Feature Story                                                                                                  Saturday, March 2, 2013


Railing on Pipelines

CN ramps up crude oil transport on Unit trains

Staff/Voice photos


Carole James spoke on a variety of issues at the Lynnwood Retirement Residence last week in a campaign fundraiser for Chilliwack NDP candidate Patti MacAhonic.


othing in the universe is infallible except black holes and super novas. If  you manage oil, you’re going to get your hands oily. When transporting it, there are two options: pipeline or rail.


Considering there are fewer pipeline leaks then train derailments, you're probably going to opt for the lesser of two evils which would be pipelines.


If companies like Kinder-Morgan can't move their product in pipelines to refineries in Burnaby and Ioco, then they will simply increase the amount they ship via trains.


The Voice spoke with Carole James MLA Victoria-Beacon Hill last week about her thoughts on the perils of oil transportation, and she doesn’t think that shipping oil on trains is viable in terms of the environment.


“I think people will have the same kinds of concerns around spills and transportation.We've seen train derailments here in British Columbia and seen the impact of those spills, and I'm not sure that's a good sustainable solution,” she said adding  that currently there are alternatives that the government could be investing heavily in.


“I think that you know we need to be looking at putting resources in to alternative opportunities for energy in British Columbia. We have a chance to be a leader if you look at wind power and tidal power here in BC. That doesn't mean that we're going to get rid of oil and gas. That doesn't mean in ten years you're going to see those industries shut down," she explained.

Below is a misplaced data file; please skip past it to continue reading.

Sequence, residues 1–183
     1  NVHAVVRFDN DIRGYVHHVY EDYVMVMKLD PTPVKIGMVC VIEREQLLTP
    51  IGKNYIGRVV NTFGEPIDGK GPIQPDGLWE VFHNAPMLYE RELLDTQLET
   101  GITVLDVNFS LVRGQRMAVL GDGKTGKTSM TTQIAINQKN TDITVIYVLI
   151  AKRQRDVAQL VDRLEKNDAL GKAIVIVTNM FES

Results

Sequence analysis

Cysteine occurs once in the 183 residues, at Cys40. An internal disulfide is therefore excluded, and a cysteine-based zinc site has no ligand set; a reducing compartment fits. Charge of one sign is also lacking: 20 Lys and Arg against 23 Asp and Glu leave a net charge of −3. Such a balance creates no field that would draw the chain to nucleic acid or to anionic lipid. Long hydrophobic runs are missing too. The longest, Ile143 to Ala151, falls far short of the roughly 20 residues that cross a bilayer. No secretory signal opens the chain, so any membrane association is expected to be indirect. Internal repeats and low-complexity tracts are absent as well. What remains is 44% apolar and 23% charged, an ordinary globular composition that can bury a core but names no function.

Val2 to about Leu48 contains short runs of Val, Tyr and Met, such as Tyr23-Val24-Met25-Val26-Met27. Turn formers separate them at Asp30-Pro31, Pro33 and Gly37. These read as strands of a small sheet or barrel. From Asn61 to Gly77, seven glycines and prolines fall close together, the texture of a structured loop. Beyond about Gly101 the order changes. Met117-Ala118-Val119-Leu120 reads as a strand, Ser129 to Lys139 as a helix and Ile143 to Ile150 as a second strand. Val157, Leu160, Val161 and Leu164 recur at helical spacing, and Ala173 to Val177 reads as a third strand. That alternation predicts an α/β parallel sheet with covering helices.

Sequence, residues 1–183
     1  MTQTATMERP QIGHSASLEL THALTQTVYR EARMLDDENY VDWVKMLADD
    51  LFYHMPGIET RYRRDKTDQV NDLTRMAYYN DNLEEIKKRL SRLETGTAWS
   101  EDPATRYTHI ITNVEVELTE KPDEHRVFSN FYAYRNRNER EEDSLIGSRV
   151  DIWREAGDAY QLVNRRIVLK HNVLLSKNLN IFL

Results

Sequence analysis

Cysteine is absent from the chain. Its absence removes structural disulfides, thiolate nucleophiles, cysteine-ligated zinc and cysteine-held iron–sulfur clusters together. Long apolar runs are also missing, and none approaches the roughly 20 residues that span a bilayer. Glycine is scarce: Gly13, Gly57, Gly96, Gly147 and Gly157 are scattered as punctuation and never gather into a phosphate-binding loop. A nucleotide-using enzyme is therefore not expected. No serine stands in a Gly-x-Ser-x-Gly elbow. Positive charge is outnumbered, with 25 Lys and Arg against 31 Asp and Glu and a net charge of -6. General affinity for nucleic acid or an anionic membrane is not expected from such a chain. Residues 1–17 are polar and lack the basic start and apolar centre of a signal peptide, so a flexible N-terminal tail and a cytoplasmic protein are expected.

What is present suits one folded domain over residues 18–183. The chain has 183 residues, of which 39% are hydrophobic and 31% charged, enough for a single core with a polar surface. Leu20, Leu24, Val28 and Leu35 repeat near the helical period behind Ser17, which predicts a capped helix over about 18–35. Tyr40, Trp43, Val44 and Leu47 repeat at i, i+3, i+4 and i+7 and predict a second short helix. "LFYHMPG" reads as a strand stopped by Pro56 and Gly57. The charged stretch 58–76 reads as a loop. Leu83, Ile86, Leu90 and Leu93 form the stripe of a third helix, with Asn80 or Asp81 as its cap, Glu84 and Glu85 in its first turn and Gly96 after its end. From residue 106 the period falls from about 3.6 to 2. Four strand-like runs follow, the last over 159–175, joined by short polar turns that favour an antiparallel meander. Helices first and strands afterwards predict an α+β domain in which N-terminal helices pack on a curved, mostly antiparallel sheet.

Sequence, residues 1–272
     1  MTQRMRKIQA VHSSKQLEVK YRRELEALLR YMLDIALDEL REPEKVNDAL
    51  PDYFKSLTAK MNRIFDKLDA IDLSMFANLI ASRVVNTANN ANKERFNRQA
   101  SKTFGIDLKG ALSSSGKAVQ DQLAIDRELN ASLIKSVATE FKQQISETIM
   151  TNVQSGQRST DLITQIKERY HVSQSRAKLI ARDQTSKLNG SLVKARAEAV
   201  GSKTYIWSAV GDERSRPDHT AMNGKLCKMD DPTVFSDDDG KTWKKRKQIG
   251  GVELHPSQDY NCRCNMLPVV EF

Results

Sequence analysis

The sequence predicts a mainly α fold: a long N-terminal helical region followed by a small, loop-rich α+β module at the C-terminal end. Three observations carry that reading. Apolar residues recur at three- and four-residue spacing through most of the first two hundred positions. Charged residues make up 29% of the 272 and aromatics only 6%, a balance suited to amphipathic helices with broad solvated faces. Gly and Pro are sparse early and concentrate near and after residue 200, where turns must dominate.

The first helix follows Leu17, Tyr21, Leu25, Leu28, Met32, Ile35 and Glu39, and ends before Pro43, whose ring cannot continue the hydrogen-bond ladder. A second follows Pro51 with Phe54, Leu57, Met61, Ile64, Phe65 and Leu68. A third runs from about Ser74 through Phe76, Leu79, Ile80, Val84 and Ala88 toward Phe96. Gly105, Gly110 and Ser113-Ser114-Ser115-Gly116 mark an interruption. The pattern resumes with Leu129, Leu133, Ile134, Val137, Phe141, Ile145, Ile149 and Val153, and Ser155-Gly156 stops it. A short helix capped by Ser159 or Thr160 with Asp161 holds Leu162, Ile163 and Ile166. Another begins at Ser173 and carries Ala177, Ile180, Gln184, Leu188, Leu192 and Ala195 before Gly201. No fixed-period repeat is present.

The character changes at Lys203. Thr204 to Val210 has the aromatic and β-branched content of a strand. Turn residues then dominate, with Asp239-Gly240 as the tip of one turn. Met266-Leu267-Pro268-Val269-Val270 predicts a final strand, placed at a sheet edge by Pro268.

"But we're never going to make the shift unless we get started, and I think there's all kinds of opportunities for wind or tidal that we just haven't explored. And there's some good work going on in BC, we should be a leader in that area.” 


She said the province could then sell the technology on the world market.


“Wouldn't it be great to sell our entire mental technology overseas instead of sending our oil overseas? What a great opportunity that would be for us in our province.”


Currently, oil companies are shipping heavy crude via “unit trains” to the Gulf of Mexico from Fort McMurray.


There's been recent scuttlebutt about building refineries in the east bypassing the need to transport it west, and thus save the BC Coast from experiencing more tanker traffic.


In a genuine made in BC oil spill situation, how are you going to clean the world's best salmon habitat after a train loaded with heavy crude derails in the canyon? The river will have to flush itself out and push the stuff all the way out to the sea where it will pollute more habitat and taint more seafood.


A localized oil spill from a pipeline would be simpler and easier to mop up by crack company clean-up crews.


On Thursday, CN announced that they and LBC Tank Terminals are teaming up to increase heavy northern Alberta crude oil shipments through a Geismar, La., refinery.


Russ Crawford, vice-president, marketing, Americas, at LBC Tank Terminals, said: "The expansion of the Sunshine storage capacity by 160,000 barrels, with additional rail unloading spots, steaming spots and increased storage capacity, is another step in our long-term global growth program. It will help us accommodate the rise in customer demand as a response to the growth in the movement of heavy crude oil and fuel oil products. CN's service to our facility is a key part of our growth plan."


"CN provides direct, efficient single-line service from northern Alberta to the Gulf Coast, and we are pleased to be working with companies such as LBC Tank Terminals to move heavy crude oil volumes to the Gulf for our customers. Crude oil by rail is one of CN's fastest growing businesses. We moved more than 30,000 carloads of crude last year, and we believe we have the scope to double this business in 2013."


Handling oil is really dirty for dirty. It’s a conundrum that anti-pipeline activists need to fully consider. So far that’s not happening.


When Canadian oil is shipped stateside via trains to be refined, you’re actually exporting jobs along with the oil. Plus, if you want less pain at the pumps, you don’t ship oil by rail because it jacks the cost up.


Until the technology that James is talking about is researched and developed, there's still 300 billion barrels of BC jobs in the tar sands that's going to be coming out.



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